Charles Tellier (29 June 1828 – 19 October 1913) was a French engineer, born in Amiens. He early made a study of motors and compressed air. In 1868, he began experiments in refrigeration, which resulted ultimately in the refrigerating plant, as used on ocean vessels, to preserve meats and other perishable food. In 1911, Tellier was awarded the Joest prize by the French Institute and, in 1912, he was made Chevalier of the Legion of Honour. He wrote Histoire d'une invention moderne, le frigorifique (1910). Tellier died impoverished in Paris. Dimethyl ether was the first refrigerant, in 1876, Charles Tellier bought the ex-Elder-Dempster a 690 tons cargo ship Eboe and fitted a Methyl-ether refrigerating plant of his design. The ship was renamed Le Frigorifique and successfully imported a cargo of refrigerated meat from Argentina. However the machinery could be improved and in 1877 another refrigerated ship called Paraguay with a refrigerating plant improved by Ferdinand Carré was put into service on the South American run.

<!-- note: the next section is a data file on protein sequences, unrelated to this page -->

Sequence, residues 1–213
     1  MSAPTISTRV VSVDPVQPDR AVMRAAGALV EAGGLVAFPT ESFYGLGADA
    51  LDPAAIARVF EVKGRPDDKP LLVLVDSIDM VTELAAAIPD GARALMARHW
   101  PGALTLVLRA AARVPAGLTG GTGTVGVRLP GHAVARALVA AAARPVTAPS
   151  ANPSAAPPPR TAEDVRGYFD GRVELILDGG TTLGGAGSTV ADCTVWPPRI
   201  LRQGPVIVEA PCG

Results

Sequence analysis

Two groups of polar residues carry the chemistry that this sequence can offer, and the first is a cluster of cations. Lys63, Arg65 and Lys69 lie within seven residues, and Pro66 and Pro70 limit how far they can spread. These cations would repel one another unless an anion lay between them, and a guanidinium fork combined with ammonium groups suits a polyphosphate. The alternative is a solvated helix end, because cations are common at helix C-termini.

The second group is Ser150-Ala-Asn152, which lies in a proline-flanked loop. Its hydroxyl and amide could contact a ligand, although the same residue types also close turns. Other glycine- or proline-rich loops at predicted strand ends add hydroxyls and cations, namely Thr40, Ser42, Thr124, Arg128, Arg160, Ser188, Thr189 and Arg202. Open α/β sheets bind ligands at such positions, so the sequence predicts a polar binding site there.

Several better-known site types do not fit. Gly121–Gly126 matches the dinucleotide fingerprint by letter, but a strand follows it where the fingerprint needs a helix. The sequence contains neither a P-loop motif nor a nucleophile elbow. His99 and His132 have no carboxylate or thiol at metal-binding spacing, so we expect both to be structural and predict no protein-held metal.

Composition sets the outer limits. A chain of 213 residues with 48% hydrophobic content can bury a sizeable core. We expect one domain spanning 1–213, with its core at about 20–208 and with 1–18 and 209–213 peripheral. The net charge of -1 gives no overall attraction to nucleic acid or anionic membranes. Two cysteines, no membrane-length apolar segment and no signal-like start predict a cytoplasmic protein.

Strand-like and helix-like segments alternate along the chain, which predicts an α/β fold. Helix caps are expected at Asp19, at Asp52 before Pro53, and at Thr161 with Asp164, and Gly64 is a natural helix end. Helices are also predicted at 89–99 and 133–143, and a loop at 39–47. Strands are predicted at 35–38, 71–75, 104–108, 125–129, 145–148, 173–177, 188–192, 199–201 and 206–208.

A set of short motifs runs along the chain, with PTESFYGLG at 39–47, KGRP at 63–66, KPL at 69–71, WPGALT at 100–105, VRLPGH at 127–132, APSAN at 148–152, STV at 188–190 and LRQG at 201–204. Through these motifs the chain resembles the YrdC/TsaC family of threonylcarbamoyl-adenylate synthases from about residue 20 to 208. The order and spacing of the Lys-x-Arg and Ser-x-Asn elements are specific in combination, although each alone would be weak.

- "TOO LATE TO AID TELLIER. Starving Cold Storage Inventor Dies as Friends Come with $200". The New York Times. 20 October 1913.
- A history of the frozen meat trade, pages 26–28
- Timeline of low-temperature technology
- Francisco Lecocq
- This article incorporates text from a publication now in the public domain: Gilman, D. C.; Peck, H. T.; Colby, F. M., eds. (1905). New International Encyclopedia (1st ed.). New York: Dodd, Mead. Missing or empty
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